An article entitled Baby Boom Generation Now Outnumbered by Larry Bodine popped in my Google Reader yesterday. As I read, I noted the various statistics comparing my generation (late Baby Boomer) with The Millenials aka The Net Generation and came away in full agreement with the author on this point:
"Don't become one of those people who can't work a digital camera, set your cell phone voicemail or program your DVR. Be current. Stay relevant. Try new things."
I can't begin to tell you how often I talk to my generational peers and they automatically dismiss Facebook and other Web 2.0/social media components as "rubbish" or "nonsense." Or they mention their struggle with trying to achieve some mastery of the basic fundamentals of these programs.
Much of what I am seeing is a sense that they are "too old" to learn new skills or as one person told me via email, "I'm just too old for Facebook."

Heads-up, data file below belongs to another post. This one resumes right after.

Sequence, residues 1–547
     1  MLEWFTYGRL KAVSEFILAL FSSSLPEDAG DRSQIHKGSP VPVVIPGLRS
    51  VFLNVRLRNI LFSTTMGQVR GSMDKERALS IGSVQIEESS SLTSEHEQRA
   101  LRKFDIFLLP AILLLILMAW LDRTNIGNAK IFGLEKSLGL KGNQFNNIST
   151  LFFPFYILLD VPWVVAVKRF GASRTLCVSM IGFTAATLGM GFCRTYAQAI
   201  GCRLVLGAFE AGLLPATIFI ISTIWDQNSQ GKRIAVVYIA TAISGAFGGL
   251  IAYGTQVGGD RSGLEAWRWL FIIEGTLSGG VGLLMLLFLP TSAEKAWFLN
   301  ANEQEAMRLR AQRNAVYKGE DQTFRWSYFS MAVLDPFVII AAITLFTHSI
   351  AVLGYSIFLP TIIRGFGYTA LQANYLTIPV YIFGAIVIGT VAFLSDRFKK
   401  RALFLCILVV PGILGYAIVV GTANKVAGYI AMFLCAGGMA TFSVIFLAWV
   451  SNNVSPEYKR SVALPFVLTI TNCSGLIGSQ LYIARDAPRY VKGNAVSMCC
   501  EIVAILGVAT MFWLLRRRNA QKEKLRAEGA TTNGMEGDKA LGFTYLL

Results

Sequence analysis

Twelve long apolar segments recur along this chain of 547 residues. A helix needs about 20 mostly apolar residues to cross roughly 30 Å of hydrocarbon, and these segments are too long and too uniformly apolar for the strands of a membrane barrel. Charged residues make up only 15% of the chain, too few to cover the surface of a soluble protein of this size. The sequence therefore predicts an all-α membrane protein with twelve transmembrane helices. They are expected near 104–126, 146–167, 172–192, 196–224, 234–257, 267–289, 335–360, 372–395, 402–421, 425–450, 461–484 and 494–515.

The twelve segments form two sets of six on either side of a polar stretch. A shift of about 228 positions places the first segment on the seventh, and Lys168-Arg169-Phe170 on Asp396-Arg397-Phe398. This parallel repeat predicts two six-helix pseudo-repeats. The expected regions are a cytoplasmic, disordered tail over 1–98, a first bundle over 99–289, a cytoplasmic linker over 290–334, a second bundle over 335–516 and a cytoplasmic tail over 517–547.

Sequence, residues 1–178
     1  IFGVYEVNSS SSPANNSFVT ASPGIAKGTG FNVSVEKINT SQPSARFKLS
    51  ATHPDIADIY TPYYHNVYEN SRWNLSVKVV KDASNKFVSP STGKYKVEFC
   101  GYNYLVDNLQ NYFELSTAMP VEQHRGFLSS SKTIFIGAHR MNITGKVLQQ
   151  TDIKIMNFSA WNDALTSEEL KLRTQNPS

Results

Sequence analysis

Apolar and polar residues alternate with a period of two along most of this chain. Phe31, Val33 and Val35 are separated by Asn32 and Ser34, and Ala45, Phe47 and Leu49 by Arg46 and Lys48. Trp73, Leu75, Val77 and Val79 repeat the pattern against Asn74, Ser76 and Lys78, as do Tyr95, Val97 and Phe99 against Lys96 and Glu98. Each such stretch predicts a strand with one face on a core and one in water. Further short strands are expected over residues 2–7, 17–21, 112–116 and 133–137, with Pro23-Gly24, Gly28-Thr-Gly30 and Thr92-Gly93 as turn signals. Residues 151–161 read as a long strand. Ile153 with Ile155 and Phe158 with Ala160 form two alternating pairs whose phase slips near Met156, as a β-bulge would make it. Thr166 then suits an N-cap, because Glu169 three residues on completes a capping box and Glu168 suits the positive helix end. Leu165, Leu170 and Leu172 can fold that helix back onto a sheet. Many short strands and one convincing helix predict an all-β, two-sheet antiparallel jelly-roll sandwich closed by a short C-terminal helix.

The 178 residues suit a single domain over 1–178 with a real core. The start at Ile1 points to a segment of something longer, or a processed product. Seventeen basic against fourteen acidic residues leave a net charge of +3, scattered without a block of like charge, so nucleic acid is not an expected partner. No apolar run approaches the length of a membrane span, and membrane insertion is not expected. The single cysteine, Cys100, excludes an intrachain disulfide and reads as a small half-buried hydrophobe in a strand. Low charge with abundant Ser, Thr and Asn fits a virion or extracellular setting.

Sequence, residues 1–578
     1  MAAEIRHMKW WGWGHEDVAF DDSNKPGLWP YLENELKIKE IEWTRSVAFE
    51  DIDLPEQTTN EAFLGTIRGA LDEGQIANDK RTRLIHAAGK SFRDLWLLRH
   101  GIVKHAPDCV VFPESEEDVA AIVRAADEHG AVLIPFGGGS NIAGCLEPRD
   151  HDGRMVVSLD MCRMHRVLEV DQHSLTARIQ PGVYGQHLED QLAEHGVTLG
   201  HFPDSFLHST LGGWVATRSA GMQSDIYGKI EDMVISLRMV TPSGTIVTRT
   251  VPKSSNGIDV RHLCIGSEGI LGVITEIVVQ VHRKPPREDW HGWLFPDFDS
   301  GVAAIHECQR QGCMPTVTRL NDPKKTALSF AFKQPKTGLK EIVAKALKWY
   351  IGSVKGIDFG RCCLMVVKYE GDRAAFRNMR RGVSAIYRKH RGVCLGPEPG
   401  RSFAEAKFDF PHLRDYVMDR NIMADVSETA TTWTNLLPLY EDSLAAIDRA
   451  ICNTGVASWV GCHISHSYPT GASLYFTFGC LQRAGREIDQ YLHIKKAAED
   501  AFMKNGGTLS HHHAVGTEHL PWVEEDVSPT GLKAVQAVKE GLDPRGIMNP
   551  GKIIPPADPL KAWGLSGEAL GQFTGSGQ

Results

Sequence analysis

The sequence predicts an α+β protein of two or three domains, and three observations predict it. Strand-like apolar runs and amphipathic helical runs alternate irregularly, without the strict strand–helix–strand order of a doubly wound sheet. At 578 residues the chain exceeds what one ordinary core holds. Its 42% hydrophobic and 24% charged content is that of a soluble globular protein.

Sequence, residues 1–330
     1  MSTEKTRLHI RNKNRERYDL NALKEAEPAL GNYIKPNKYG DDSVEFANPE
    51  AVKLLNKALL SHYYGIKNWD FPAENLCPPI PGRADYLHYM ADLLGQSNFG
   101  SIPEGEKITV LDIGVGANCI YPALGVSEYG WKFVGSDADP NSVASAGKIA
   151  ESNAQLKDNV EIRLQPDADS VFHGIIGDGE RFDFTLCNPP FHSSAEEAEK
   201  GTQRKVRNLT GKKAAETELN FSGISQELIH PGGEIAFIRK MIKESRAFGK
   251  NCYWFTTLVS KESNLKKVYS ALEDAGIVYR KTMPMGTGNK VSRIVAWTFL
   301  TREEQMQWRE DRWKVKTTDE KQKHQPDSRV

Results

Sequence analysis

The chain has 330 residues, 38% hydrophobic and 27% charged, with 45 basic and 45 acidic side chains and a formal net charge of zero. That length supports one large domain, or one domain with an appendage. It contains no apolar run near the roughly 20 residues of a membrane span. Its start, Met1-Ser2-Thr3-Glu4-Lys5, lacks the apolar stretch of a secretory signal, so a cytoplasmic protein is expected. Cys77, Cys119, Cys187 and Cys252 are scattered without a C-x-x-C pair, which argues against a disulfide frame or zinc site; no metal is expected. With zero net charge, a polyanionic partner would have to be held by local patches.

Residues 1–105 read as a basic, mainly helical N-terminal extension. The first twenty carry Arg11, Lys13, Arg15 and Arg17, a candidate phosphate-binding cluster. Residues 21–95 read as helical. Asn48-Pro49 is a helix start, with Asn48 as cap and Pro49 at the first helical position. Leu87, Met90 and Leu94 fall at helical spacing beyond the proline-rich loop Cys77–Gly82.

Nonsense. Many know that when a new member joins Geneabloggers over on Facebook, I reach out and make sure that the newbies not only learn all about the various Geneabloggers features and events, but I also ask if they need any Facebook help and recommend that they visit Facebook Bootcamp for Genea-Bloggers.
I get no greater joy than to hear comments such as, "My granddaughter can't believe her grandmother is now on Facebook," or "I can't wait to embarass my teenage daughter by being on Facebook."
For years as a computer trainer I've held this opinion: I'd rather have someone with a positive attitude than aptitude. Meaning I'd much rather work with a person who is receptive to learning new skills than someone who comes in and thinks they know everything, even to the point of self-doubt as to their capabilities.
Don't let people convince you out of trying your hand at Facebook or Twitter or other web-based social media applications. For many people of my generation, these programs have become lifelines and have allowed them to interact with others who hold similar interests. And as members of Geneabloggers will tell you, when you find a supportive community such as ours, it is easy to ask for help - just ask and you shall receive!